Carrie Underwood released her new album ‘Denim & Rhinestones’ last Friday, June 10


Andrew Nelles / The Tennessean

Carrie Underwood poses for a portrait in advance of her Denim and Rhinestones Experience exhibition at The Historic Bell Tower in Nashville, Tenn., Wednesday, June 8, 2022.

Ariana Lessard, Arts Reporter

I’m not well-versed in Carrie Underwood’s discography, but I’ll never turn the station from one of her songs. Her new album,‘Denim & Rhinestones’ came out on June 10, 2022, providing fans and novices alike with a variety of songs to add to their summer soundtrack.

“She Don’t Know” was easily my favorite song from her new album. From the opening verse, it is impassioned and original, particularly the line “And I can feel her eyes on me, She’s checking me out in the check-out line,” pulled me in. This song, for me, is Underwood’s best song since “Before He Cheats”.

“She Don’t Know” details a woman trapped in an unhealthy relationship, bumping into her husband’s mistress at the grocery store. However, the narrator of this song is no victim, boldly proclaiming, “She don’t know, she can have him.”

This song does not tell the story of a miserable housewife realizing an affair, but of a proud woman reclaiming her dignity. Catchy, face-paced, and powerful, this song will be one of my favorites from the summer.

“Garden” is a beautiful and slow-moving metaphor that unfurled as the beat progressed. The bridge of this song is its most compelling component, begging the question: “If you reap what you sow, what kind of garden would you grow?”

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I think it’s an interesting question for many reasons, partially because it doesn’t assert you will reap what you sow, which I believe is a noteworthy rhetorical choice. But it’s also a creative way of asking if you’re proud of what you’ve done thus far in your life, and if you had to look at the fruits of your labor in a literal form, would you like their form? I think it’s a very pretty way of asking a very big question.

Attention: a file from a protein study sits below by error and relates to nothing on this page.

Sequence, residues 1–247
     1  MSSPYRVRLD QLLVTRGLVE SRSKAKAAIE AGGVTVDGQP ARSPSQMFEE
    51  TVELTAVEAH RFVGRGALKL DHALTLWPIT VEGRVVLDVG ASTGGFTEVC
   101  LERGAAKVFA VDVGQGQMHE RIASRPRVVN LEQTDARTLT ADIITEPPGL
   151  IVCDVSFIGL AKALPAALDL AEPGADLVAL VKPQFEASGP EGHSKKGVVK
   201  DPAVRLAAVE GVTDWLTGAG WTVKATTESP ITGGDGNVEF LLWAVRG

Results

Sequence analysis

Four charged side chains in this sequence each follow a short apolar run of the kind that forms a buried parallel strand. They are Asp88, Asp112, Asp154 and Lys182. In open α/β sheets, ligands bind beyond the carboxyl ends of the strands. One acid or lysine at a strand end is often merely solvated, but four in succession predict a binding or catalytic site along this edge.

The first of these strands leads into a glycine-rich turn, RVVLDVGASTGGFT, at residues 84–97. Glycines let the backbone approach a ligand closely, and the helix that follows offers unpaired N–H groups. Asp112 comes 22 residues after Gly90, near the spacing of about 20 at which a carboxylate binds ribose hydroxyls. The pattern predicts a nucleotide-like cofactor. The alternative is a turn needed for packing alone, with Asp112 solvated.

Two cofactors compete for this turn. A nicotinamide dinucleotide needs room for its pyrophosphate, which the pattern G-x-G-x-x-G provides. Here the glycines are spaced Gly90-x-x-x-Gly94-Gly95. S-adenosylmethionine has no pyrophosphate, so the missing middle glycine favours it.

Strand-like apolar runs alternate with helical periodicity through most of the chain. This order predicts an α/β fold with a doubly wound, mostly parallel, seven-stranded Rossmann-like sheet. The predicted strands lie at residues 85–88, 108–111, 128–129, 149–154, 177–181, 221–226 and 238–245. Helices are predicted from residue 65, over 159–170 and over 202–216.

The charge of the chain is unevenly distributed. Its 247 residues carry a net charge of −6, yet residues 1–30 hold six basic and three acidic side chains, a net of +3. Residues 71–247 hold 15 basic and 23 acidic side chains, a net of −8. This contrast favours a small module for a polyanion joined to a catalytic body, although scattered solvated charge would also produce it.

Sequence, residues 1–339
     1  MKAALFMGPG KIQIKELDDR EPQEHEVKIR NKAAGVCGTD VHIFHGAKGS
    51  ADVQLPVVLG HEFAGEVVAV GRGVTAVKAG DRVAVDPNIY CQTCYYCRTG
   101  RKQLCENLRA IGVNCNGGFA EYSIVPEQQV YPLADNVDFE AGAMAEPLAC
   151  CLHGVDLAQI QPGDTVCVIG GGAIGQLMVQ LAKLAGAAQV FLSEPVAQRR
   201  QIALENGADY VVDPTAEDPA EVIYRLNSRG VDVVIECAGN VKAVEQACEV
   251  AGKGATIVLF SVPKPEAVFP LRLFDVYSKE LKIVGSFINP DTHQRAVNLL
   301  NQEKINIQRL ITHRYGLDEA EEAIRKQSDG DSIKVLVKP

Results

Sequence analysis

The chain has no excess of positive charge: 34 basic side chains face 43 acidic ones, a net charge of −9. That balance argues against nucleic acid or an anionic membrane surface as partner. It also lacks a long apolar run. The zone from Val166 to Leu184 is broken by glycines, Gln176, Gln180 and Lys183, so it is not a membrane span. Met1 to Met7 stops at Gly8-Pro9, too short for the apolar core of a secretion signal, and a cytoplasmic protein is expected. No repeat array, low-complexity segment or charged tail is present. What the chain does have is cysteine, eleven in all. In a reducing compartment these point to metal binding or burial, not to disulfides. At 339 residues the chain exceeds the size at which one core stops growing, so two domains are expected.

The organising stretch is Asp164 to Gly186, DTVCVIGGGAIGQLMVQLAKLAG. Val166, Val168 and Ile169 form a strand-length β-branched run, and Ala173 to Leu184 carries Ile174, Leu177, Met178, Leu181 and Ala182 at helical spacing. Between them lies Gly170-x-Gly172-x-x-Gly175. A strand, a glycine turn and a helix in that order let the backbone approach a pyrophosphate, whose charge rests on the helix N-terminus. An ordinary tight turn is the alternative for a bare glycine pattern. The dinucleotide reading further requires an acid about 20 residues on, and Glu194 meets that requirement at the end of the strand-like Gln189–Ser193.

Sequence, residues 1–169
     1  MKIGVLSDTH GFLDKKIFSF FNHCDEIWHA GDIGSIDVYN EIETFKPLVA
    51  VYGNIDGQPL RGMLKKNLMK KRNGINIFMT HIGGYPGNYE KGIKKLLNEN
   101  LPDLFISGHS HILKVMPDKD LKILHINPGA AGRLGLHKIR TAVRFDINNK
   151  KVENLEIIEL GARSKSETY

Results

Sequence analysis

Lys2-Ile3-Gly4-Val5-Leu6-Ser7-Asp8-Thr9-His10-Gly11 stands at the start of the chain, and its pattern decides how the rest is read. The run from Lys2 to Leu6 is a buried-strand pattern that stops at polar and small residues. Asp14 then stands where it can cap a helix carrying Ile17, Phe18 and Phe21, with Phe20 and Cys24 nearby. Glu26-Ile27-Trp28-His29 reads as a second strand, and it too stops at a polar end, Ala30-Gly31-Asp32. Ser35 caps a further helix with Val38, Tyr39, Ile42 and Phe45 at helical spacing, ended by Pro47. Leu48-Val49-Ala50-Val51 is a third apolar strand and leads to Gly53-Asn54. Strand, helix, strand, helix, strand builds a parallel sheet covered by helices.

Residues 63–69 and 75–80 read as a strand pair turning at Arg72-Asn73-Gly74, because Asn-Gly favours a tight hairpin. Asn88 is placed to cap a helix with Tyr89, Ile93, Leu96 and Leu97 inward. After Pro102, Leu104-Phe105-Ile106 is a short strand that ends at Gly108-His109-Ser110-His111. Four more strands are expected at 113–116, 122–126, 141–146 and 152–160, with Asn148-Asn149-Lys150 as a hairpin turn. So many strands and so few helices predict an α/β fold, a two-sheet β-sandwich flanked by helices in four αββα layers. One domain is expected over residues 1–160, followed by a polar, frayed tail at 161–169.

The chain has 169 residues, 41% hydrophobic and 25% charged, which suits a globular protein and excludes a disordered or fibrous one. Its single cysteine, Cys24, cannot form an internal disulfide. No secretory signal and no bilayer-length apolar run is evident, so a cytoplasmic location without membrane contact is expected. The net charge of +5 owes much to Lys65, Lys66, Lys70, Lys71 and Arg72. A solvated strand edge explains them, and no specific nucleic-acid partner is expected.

“Poor Everybody Else” felt like a classic Underwood song in terms of aligning with her signature style of country glam pop-rock. Lyrics like, “She’s a wrecking ball, looking for a wall to break…gasoline waitin’ on a match to strike, man-eater with an appetite,” helped to paint the picture of a classic Underwood heroine, a country party girl with nothing to lose and everything to prove.

“Pink Champagne” is the kind of song you’d want to play while driving to the beach with your friends during sunset. It’s about young love and its intoxicating qualities, as shown by the line, “I can get intoxicated on you, baby, anytime ‘cause you’re mine.”

I think that, although the premise may not be original, Underwood’s lush visuals and clever lyrics provide an enjoyable adaptation of a classic trope.

“Wanted Woman” is a fast-paced and fun love song, playing with the double meaning of what it means to be “wanted.” An example of this is the lyrics “It’s criminal, you drive me crazy” and “Chase me, love me, you know how to make a lady feel like a wanted woman.”

“Burn” is another fast-paced song, however, this one is about a break-up. The string tying together the lyrics of this song is various ways this relationship burns, including the memories. My favorite line was, “Hmm, it’s always gonna burn, just like this whiskey. It’s always gonna burn and make me wonder if you miss me.”